A Trip of a Lifetime: Part 1 (Travel Diary in Borneo)
Last year we hosted a major competition for “A Trip of a Lifetime” with our friends at The Orangutan Project. In October 2018, our lucky winner, Cathy Parker, went on an 8 day Orangutan Odyssey Riverboat Adventure in Borneo hosted with Sumatra Orangutan Odyssey Tour!
To recap, highlights of the prize included:
- Travel to the jungles of Central & West Kalimantan (Borneo)
- See wild orangutan in their natural habitat
- Stay in jungle lodges and river boats
- Trek through the jungle and replant trees
- Visit the orangutan rescue centre
- Help save the orangutans from extinction
Cathy and her family are finally BACK on home turf, and she has generously documented their amazing experience in Borneo to share with us! We have split up her travel diary into 4 parts, so keep reading to find out exactly what she experienced over her 8 day trip, “Through the Eyes of the Parker Family.”
Mum – Cathy, Dad – Brian, Tate – Aged 14 & Bronte – Aged 12.
(October 9 to 16, 2018)
An early start at Brisbane airport and our adventure starts with an eight-hour flight to Singapore and a two-hour flight to Jakarta. Followed by a rather hair-raising taxi ride to our hotel, FM7 where we joined the group at about 7pm.
Started with a continental breakfast at the FM7 in Jakarta.
Then onto a bus to the airport before flying to Pangkalan Bun, on the island of Borneo.
Arriving at Pangkalan Bun
We then travelled by local taxi to the port of Kumai where we boarded our klotok (river boat).
Gary Sundin, Orangutan Odyssey’s owner, introduces us to our guides Ivand & Ozzie and we are given a brief of the next part of the adventure.
Then its on to the klotok, our home for the next few days. As we start our journey up the Sekonyer River, we get our first rain downpour (it is a rainforest after all!)
The rain clears as we enter the National Park and the scenery takes on a distinctive forest feel.
But before we turn down a fork in the river leading to the National Park we are greeted by a giant Orangutan statue…
As we travel deeper into the National Park we are told of the plight of the land. On the right is untouched rainforest, on the left are the ever-growing Palm Oil plantations. The local law says that these plantations are not allowed to go closer than 100m from the river, however we saw glimpses of plantations through the trees that were much closer than that.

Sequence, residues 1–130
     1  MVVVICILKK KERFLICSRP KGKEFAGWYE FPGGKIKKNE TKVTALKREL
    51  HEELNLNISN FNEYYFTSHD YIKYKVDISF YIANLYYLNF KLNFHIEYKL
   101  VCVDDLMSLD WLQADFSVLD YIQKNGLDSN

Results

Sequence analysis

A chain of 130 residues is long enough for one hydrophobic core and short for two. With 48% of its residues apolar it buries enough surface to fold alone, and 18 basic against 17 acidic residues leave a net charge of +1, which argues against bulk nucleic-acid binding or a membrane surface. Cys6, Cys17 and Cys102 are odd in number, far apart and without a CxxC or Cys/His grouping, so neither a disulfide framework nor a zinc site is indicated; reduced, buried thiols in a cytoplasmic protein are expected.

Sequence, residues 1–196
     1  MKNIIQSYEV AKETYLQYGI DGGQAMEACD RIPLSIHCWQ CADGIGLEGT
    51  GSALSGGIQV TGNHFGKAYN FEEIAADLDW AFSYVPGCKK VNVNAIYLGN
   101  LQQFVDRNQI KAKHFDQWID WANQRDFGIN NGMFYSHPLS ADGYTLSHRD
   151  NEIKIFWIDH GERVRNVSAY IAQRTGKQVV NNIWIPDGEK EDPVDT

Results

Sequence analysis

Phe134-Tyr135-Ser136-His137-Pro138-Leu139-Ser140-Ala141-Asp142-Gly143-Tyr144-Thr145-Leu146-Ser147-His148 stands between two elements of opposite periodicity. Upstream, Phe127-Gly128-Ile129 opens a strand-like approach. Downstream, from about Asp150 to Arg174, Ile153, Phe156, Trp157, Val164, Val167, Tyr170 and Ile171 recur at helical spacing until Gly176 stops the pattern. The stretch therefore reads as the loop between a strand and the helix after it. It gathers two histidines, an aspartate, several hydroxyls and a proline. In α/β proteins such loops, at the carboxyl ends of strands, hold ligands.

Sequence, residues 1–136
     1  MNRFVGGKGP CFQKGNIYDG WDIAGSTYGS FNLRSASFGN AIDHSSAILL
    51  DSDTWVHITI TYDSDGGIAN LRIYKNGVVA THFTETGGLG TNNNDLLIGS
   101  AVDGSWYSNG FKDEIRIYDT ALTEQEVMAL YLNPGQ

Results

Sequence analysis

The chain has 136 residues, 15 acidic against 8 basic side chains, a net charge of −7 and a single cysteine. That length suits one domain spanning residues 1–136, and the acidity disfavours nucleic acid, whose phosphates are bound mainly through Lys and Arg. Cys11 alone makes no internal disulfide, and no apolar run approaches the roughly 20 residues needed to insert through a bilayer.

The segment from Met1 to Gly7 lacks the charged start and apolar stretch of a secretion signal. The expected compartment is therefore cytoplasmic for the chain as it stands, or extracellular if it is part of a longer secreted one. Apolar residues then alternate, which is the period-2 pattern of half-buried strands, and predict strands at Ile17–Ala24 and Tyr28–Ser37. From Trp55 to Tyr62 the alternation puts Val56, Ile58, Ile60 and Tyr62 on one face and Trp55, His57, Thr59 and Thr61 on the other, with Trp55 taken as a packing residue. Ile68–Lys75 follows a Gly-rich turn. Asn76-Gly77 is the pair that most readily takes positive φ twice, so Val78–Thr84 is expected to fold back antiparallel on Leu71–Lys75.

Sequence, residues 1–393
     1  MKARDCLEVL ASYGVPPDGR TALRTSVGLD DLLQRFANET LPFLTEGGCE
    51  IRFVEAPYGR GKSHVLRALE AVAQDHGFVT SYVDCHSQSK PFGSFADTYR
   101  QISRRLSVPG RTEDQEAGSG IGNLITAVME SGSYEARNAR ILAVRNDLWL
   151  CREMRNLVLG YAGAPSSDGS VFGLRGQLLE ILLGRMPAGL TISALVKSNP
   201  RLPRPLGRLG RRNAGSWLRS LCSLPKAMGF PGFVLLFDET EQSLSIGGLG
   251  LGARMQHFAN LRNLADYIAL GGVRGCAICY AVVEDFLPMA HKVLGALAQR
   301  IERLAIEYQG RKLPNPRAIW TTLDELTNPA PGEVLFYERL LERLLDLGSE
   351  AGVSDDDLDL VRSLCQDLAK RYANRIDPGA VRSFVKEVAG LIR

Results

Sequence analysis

All eyes were peeled on seeing some animal life, and of course the prize being an orangutan. And as luck would have it, we didn’t have to wait too long….
High up in a lone tree we spotted our first orangutan. Orangutans cannot swim so they can’t cross the river (unless there is a crossover of joining foliage in the narrower spots), and unfortunately this guy was on the wrong side, the plantation side, so his future is an uncertain one.
But it was great to see how he effortlessly balanced on the branch and his great strength as he easily snaps a branch the width of a man’s arm and begins to chew on the bark, one of many food sources for an orangutan (there are 2000 recorded food sources for orangutans).
Buoyed by our first sighting, the team was all eyes hoping to spot another, but alas this was our only orangutan sighting on our first day in the rainforest.
Our klotok carried us to our first accommodation in the rainforest, a series of eco-cabins strung together by timber decks called Rimba Lodge. We are greeted at the jetty by some local monkeys, these ones are grey macaques.
The Rimba Lodge is truly in the middle of the rainforest, as the light faded a large troop of monkeys took up position in the trees around the cabins in the hope of scavenging some food from the human guests.
Tate & Cathy stand on one of the many timber walkways around the cabins.
Even though the Rimba Lodge is deep in the rainforest, we still had the luxury of air-conditioning in our rooms – which was a godsend.
To be continued…
Phew! What an adventurous start to their 8 day journey. Did you enjoy following along?
Continue reading about the Parker Family’s Orangutan Adventures here – Part 2.